The TI-H-300 adhesive is also an excellent sealant for coating the lateral edges of the propellant strip 16 to deter combustion from those edges inwardly.
Means 48 for igniting the propellant is associated with the propellant gas-generation system, as suggested by FIG. 1. The means for igniting the propellant may be any method or device which will initiate burning of the propellant 50 exposed near end 22 of the propellant strip 16. Types of igniters are well-known by those skilled in the art and are typically chosen on the basis of design, resistance to environmental effects, cost, and other factors.
The exposed propellant ignites and burns down the length of the propellant strip until all of the exposed propellant has burned. Enough pressure is developed from the burning of the initially exposed propellant to urge the rocket or other projectile forward. As the rocket moves out of the casing, the forward motion of the rocket causes the propellant strip to detach from itself thereby exposing more propellant for burning. As the newly exposed propellant burns, gas is continuously produced to continuously increase the pressure which displaces the rocket from the canister. The detachment of the propellant strip continues until the propellant strip has been completely detached from itself, i.e. unwound, and all of the propellant has burned. The rocket is thus ejected from the canister and is separately fired and directed toward a target. The mechanically controlled increasing surface area of exposed propellant provides smoothly increasing pressure within the casing as the propellant burns.
FIG. 6 depicts an exemplary configuration which is folded.
In FIG. 6, strip 70 includes a substrate 72 having ends 74 and 76 for attachment to the canister and to the ejectable, respectively. A layer of the propellant 78 overlies the substrate 72 and the combination folded into accordion pleats 80 to conceal a large portion of the propellant 78. As end 74 and 76 are pulled apart, the pleats unfold to permit full combustion of the propellant.
In FIG. 7, strip 84 is wound similarly to that shown in FIG. 1, but the connections to the canister and the ejectible are on opposite sides 86 and 88 of the ends 90 and 92 of strip 84. Thus, as the ends 90 and 92 are pulled apart, the roll detaches helically, like the common fly paper roll, to expose fresh propellant surface 94 for combustion.
It should be understood that it may be desirable to expose the propellant at a greater velocity than the exiting velocity of the rocket. Thus, for example, the free end 22 of the strip 16 may be connected to the rocket through a series of pulleys which increases the velocity of the strip relative to the rocket. A higher velocity may be required to prevent the propellant from extinguishing with slowly ejected projectiles. The required velocity of unrolling or unfolding is a function of the propellant burn rate and propellant thickness. Lower unrolling/unfolding velocities may be used with propellants of greater thickness and/or lower burn rate. Propellants having a high burn rate and applied in a thin layer, e.g. 0.1 cm, may require unrolling velocities as high as 6-8 meters/sec. or more to prevent extinguishment.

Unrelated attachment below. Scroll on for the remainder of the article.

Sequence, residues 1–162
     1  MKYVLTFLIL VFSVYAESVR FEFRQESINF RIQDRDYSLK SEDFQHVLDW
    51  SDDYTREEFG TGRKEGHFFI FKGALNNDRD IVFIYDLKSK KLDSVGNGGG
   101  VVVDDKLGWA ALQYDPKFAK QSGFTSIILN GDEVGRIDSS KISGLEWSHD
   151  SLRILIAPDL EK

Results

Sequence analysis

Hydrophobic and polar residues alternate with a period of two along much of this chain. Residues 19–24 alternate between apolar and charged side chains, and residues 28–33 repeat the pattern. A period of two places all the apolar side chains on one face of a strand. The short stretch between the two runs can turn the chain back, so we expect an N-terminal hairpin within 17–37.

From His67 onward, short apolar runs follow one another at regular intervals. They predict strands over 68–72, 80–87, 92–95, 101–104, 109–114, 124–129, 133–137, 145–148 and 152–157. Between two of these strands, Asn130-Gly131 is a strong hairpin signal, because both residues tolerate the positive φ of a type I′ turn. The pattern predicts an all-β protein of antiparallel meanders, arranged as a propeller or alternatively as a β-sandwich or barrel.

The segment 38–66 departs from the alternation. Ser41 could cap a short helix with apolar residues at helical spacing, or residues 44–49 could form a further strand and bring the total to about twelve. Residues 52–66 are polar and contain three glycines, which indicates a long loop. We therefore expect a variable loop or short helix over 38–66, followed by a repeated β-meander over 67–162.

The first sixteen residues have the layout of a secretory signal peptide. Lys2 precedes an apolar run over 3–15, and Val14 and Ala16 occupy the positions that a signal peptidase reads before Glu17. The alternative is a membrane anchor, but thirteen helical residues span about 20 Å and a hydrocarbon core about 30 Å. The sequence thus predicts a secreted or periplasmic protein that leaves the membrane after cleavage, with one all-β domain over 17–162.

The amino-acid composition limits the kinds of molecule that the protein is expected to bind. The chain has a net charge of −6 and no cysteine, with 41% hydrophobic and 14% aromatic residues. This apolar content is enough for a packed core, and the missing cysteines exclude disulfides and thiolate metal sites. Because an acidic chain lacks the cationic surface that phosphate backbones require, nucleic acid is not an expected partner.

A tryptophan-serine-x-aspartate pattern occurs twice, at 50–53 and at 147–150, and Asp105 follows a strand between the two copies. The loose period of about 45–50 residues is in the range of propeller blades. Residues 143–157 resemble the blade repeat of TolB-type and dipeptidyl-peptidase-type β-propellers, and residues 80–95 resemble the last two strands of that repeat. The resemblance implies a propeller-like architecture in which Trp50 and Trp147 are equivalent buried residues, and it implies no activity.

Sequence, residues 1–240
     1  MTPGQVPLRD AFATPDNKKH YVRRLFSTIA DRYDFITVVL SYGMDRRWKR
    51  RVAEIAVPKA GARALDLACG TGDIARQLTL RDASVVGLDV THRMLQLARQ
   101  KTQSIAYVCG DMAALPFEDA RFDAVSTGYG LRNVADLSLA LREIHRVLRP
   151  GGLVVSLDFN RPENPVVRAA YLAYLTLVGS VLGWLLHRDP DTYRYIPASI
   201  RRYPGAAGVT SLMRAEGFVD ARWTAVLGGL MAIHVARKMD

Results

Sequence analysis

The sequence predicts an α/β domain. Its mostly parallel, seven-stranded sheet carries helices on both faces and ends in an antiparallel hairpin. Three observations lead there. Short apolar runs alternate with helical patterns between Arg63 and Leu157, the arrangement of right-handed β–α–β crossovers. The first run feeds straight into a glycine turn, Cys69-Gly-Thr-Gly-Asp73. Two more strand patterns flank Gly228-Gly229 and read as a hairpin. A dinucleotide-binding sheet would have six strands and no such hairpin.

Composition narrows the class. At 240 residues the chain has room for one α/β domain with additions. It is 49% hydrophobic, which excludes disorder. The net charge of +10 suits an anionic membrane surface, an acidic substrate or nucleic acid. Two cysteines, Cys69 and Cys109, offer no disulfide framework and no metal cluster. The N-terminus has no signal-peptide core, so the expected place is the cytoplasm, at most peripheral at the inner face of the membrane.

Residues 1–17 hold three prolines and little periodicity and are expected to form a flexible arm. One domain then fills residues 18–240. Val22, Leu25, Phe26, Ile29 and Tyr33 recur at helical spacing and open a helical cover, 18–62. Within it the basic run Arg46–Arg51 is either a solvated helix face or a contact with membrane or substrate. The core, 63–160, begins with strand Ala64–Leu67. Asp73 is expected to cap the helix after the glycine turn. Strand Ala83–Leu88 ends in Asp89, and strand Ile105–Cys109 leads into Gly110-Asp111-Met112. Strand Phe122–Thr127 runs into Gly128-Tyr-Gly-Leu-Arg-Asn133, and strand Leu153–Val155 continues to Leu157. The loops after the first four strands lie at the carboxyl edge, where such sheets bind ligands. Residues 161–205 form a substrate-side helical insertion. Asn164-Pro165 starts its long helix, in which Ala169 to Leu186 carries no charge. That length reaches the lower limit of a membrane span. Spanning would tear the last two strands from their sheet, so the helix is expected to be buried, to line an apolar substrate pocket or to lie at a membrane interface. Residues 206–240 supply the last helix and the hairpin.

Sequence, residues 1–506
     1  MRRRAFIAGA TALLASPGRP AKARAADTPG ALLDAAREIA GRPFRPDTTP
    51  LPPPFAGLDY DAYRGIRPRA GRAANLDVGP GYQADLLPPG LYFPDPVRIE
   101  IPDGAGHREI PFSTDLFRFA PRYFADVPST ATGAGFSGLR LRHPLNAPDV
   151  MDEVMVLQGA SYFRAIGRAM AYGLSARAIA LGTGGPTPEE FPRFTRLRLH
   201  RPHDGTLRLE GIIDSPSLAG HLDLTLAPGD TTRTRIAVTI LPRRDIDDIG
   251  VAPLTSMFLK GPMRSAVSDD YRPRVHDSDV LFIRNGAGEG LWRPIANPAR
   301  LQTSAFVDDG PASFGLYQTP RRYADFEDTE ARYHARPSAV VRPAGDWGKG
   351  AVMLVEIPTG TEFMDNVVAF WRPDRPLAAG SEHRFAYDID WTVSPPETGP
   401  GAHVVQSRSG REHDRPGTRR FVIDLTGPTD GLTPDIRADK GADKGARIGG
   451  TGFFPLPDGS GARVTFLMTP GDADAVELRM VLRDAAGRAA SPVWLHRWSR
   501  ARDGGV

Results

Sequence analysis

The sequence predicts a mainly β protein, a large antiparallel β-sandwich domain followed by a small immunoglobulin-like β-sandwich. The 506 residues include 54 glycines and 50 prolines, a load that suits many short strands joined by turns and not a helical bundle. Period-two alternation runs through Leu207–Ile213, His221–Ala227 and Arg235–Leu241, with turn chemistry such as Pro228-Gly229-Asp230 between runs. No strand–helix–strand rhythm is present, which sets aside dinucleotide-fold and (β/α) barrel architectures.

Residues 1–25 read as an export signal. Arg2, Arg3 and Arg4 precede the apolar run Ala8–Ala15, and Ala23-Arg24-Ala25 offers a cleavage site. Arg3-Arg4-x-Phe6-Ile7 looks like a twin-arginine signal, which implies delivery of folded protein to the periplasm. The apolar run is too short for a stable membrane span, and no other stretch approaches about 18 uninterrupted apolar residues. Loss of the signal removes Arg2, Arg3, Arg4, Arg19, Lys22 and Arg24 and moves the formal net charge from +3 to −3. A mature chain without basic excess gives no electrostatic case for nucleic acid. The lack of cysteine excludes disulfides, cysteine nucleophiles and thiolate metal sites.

The particular dimensions of the propellant strip, including length and width of the strip and thickness of the propellant on the substrate, are dependent upon many factors. Among those factors are the size, shape and weight of the rocket, the size of the canister, and the type of propellant being used. The pressurization curve is readily calculated for any projectile and propellant strip configuration. The apparatus of the invention may be used to eject a wide variety of objects from a casing or canister. Thus, for example, the invention is useful for ejecting objects from aircraft, seagoing vessels, and stationary sites.
Regarding the final embodiment shown in FIG. 8, round 110 (or projectile) is shown in place before ejection, in launch tube 120 (or canister). Propellant 180 is shown telescoped on support tubes 160. Propellant 180 has igniter 170 embedded therein. Also shown in both FIGS. 8 and 9 are sabot 130, sleeve 150 and sleeve retention bolt and washer 140. In FIG. 9 round 110 (or projectile) is shown just beginning ejection from launch tube 120 (or canister). Sleeve 150 and inner support tube 160 are attached to sabot 130 of round 110 by sleeve retention bolt and washer 140, so that they are also beginning to be drawn out of launch tube 120, upon ignition of propellant 180. Sleeve 150 is a continuous sheet and is shown being peeled away from the propellant 180" on the second concentric support tube 160", exposing more propellant for propulsion by generation of gases.
The invention provides a reliable gas generator which is adaptable to the ejection of any sized object from a canister. The apparatus is easily and inexpensively constructed. The ejection pressure may be pre-controlled to any desired time function.